Winning Customers and Influencing Loyalty

Customer engagement and loyalty was voted as the number one priority by 92 percent of organizations, according to a recent International Customer Management Institute (ICMI) study conducted with Avaya. According to ICMI, being accountable to your customers, gaining their trust, and implementing new technology should be on the front burner when it comes to providing stellar customer service.   

Sarah Stealey Reed, content director at ICMI, spoke with SmartCustomerService about the survey results.


SmartCustomerService: Does customer loyalty still exist, or do customers care more about the experience they receive?

Stealey Reed: At this time of the year, companies are evaluating what they need to do in 2014 and how to truly create loyalty. I believe that customer loyalty does still exist, but it is so much more about the experience now. Switching costs are significantly less than they used to be and it’s much easier for a customer to move from one brand to another, from one product to another.

SmartCustomerService: What are you seeing as far as customer experience and loyalty?  

Stealey Reed: Customer experience is not comprised of one singular thing. Three-quarters of our survey respondents also agree with this. Customer experience management needs to be collected and measured and looked at across many different facets. That includes things like customer satisfaction, experience, engagement, loyalty, and sentiment.

People may build up a loyalty to an airline, for example, because they’ve built an experience time and time again. They are asking, “Are you getting me somewhere on time?”; “Are you giving me self-service tools?”; “When I have to call, am I reaching an agent in a timely fashion?” These are what the CMO of InContact [Mariann McDonagh] calls karmic service points. Every single time a customer interacts with an organization, [she’s] creating service points with you and they build up. But if you mess it up, you basically blow out those karmic service points and you have to start at ground zero.

SmartCustomerService: Do you think the contact center has to work harder or smarter for customer loyalty than other business departments?

Stealey Reed: I don’t know that they have to work smarter or harder, but they do need to be consistent, and they need to be much more aware that everything that they do and say is [what I call] deliberate. Every interaction that happens with a customer is meaningful or should be meaningful. We all know that these days, even one phone interaction is no longer truly just between an agent and a customer. Every experience that happens now is either recorded, easily retweeted, posted on Facebook, or emailed to masses. The contact center needs to be more deliberate with interactions because a bad interaction can make its way out to hundreds of thousands of people in a relatively short time.    

Organizations are realizing that their agents have to be more accountable to the customer. Those companies are the ones who are seeing greater success.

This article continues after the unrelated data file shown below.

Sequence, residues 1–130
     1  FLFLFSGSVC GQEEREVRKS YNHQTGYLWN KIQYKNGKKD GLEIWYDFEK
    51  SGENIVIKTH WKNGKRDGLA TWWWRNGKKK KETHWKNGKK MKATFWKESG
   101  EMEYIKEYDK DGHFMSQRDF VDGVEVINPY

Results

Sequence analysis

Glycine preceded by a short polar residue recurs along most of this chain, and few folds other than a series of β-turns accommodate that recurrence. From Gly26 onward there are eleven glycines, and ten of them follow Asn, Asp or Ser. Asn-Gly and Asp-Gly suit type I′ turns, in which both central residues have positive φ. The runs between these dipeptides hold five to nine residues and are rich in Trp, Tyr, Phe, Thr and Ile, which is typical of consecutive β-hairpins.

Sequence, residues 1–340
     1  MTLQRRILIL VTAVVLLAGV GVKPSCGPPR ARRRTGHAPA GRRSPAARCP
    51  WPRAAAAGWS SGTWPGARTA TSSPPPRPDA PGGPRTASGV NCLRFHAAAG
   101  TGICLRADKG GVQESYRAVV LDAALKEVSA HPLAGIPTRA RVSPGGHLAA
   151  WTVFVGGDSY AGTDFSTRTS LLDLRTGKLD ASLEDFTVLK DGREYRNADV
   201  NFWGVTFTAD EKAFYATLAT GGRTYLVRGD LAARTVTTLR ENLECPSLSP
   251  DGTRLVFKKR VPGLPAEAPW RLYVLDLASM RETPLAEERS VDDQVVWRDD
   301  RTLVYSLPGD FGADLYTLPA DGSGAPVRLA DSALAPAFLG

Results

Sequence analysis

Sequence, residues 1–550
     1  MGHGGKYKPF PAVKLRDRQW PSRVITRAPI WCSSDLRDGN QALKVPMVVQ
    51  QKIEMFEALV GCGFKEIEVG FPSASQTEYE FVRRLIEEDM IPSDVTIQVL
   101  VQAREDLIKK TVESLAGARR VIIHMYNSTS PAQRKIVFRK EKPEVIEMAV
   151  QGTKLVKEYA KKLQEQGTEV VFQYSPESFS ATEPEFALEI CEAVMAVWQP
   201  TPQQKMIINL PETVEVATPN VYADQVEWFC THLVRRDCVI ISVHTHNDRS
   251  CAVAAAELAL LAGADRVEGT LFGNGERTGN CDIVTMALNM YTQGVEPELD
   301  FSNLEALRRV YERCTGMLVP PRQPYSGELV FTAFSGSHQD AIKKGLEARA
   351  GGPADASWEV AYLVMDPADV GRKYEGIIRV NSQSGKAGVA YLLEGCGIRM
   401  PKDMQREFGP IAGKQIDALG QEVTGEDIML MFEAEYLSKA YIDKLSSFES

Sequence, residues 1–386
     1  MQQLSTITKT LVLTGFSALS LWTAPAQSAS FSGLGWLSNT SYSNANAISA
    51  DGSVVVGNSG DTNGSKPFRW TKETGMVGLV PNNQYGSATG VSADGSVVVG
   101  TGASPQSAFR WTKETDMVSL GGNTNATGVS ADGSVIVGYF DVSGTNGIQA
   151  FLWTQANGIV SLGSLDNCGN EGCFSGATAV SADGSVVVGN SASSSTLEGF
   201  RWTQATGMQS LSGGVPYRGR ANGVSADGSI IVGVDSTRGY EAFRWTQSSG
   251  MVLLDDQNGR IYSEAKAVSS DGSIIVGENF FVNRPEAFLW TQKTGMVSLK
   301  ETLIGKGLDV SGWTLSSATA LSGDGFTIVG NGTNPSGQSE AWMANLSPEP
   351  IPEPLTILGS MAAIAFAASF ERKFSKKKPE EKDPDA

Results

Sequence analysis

SmartCustomerService: When the survey asked contact center leaders what their top challenge will be for 2014, the highest-rated items were implementing new technologies, controlling operating costs, maintaining/improving customer engagement scores, employee training, and increasing agent productivity and efficiency.  Why are companies focused more on technology than the agent?

Stealey Reed: There’s a couple of different ways to look at this. Contact center leaders are really investing in new technologies, but a lot of those technologies are about assisting the agent. One of the big things that we’re seeing is the move to the cloud; that is a very robust infrastructure change for contact centers. Moving to the cloud can mean a significantly large number of things, but very often it’s in the routing of calls and the routing of contacts in general. Once contact centers have moved over to a cloud infrastructure, it opens them up to a lot more efficiency and a lot more opportunity to streamline how their contacts come into the center. All of this ultimately does impact the agent.

SmartCustomerService: What other technologies are you seeing emerge this year?

Stealey Reed: We’re seeing contact centers using simplified desktop systems. Right now, the average agent uses five different screens or applications in order to assist one customer. As we continue to add new channels, they complicate the contact center even more and complicate the role of the agent. Contact centers are revamping their CRM systems, simplifying desktop systems, and putting in things like CTI in order to aid the agent in getting customer information quicker, more efficiently, and more accurately.     

SmartCustomerService: What can contact centers do to improve?

Stealey Reed: We very much believe [that] from a customer experience standpoint point, it can’t just be about the contact center. It needs to be an organizational-wide shift. One thing that the contact center can do to improve is to get its information from the overall organization. It’s not just about the contact center or just about the agent. The entire company needs to rally behind the customer experience and be consistent in its messaging to the customer. It also needs to be consistent in its investment in the contact center. We highly recommend that contact center leaders start to partner with other groups in the organization and break down silos. Partner with marketing or product development, etc.; make sure they have an equal seat at the table.       

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Posted February 20, 2014